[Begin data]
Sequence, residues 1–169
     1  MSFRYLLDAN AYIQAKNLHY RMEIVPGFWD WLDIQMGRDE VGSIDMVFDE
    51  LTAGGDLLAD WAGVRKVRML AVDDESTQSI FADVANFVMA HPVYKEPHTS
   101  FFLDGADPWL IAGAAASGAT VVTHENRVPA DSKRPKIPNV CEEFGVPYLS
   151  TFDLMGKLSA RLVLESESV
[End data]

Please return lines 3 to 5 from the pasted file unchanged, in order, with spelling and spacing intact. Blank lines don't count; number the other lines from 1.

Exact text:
    51  LTAGGDLLAD WAGVRKVRML AVDDESTQSI FADVANFVMA HPVYKEPHTS
   101  FFLDGADPWL IAGAAASGAT VVTHENRVPA DSKRPKIPNV CEEFGVPYLS
   151  TFDLMGKLSA RLVLESESV